Speak to any team or organisation about the issues they face, and the quality of communication, and in particular feedback, will usually be near the top of the list.
Wanting a feedback culture doesn’t create one; instead it requires conditions that are only developed intentionally and slowly. These include: safety for everyone, trust between people, literacy around power, a sense of collective direction, a desire to learn, excellent interpersonal communication.
In a social sector that highly values compassion and care, and has a complicated relationship with challenge that might lead to conflict, an open and direct approach to feedback can quickly slip into what Kim Scott’s Radical Candour describes as Ruinous Empathy, and what we now tend to call Ruinous Sympathy after a useful challenge from a group of leaders we worked with at Crisis.
This means a 360 feedback process, however staid it might appear, represents a significant opportunity. Often one of the few formal processes for giving and receiving feedback in an organisation, and a testing ground for new approaches to feedback, reflection and communication, it becomes a set piece worth taking seriously.
For anyone unfamiliar, the 360 is a process by which a participant reflects on and evaluates themselves, and asks for feedback from a number of other people against the same questions. The principle of self-assessment and feedback is fairly standard across organisations and sectors, though it’s deployed in different ways and for different reasons according to context. In some cases people rate themselves and are rated against a scale, in others the questions are qualitative; often it’s both. In most cases the process produces a report which informs reflection on development priorities, and in some cases pay and progression.
Over the last 5 years or so at Koreo the 360 has increasingly become the starting point for our learning projects, with a belief that it can be an incredibly powerful way of supporting someone to identify what matters to them about their work and their learning, and can provide the catalyst for a learning process that can be transformational.
In that context, we’ve designed and implemented 360 feedback processes across the social sector — sometimes as part of organisational work and sometimes as part of cross-sector learning spaces — and have developed what we think is an approach that is as distinctive as it is developmental.
Here’s some of our learning from that work:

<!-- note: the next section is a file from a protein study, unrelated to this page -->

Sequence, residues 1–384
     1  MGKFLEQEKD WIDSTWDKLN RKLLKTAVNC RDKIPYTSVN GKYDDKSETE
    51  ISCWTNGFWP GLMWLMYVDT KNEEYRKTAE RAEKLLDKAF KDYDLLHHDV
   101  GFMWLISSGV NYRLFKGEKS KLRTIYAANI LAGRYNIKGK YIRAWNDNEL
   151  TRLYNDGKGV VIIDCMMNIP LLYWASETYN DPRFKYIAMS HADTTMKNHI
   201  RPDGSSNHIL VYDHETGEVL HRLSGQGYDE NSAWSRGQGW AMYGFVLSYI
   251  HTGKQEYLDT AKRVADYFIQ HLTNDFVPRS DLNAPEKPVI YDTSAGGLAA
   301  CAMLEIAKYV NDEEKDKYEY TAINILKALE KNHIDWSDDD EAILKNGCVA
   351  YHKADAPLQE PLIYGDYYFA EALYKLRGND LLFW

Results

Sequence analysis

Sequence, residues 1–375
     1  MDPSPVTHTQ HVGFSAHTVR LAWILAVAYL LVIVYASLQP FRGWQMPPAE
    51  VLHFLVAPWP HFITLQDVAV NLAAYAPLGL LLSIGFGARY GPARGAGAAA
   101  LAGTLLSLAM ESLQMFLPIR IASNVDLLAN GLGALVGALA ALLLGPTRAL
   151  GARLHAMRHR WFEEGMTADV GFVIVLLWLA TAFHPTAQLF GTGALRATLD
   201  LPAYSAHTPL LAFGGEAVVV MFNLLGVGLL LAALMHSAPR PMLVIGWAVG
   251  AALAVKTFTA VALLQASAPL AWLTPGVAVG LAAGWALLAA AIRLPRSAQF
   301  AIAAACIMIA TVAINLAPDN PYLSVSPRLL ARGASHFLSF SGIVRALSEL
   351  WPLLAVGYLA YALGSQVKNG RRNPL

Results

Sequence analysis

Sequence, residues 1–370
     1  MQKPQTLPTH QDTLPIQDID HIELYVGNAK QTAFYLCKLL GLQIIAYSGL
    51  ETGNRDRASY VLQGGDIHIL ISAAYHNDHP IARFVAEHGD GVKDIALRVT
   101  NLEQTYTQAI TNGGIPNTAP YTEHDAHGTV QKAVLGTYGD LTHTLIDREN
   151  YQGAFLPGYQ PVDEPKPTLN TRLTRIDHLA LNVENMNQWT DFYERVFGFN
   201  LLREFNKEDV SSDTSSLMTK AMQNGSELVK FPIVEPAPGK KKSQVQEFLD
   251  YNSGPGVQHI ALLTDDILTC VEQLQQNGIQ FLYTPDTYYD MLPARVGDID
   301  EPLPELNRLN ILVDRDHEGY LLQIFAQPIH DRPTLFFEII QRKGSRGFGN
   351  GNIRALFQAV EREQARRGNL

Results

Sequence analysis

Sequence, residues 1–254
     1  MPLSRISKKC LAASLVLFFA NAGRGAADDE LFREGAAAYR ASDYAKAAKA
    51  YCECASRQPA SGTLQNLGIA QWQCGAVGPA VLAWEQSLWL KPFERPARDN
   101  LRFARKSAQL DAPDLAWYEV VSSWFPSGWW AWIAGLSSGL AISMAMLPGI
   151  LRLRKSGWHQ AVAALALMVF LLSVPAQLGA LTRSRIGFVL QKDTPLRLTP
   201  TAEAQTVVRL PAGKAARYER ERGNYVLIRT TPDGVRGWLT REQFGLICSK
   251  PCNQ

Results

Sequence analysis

- Create Agency: there’s a temptation to look at a 360 through the lens of the organisation or entity that’s running the process. That might be by aligning questions and rating scales closely to organisational values or behaviours, by making the process fully quantifiable, or by putting rigid constraints around the process in terms of who can participate and how. By contrast, we’ve found how liberating and powerful it is to give people agency in the process to pursue the feedback they really want. So we’ve increasingly supported people to set their own questions, designing a process which will produce the insight and learning they need to shape their priorities. This in itself creates a beautiful opportunity to work with people on developing powerful, open questions, which we often integrate with an introduction to peer coaching.
- Broaden the Feedback Horizon: While it’s definitely true that the people asked to give feedback as part of a 360 process need to know the person well enough to give feedback, it’s easy to fall into a trap of only asking immediate colleagues/managers/line reports. In doing so, people limit the scope of feedback and the range of perspectives they have access to. If you’re leading or taking part in a 360, suggest people ask for feedback from parts of their life outside work; stakeholders, clients, participants, mentors. Encourage people to think about the people who will take it seriously and have a perspective they’ll care about.
- Don’t Underestimate the Ask: Having learnt this the hard way, take it from us that a 360 process can land very heavy in a team or organisation, and can take a significant amount of time for people to complete properly. So consider giving a limit to the number of people someone can ask for feedback from within one organisation, check the list of people asked for feedback and limit it to 5 or less, and DEFINITELY give a heads up to anyone who’s going to be asked for feedback by more than one person. We’re usually keen for people to have 5 or so people to get feedback from, but ultimately this can work with as little as 3, so if time and capacity is limited you can reduce that number.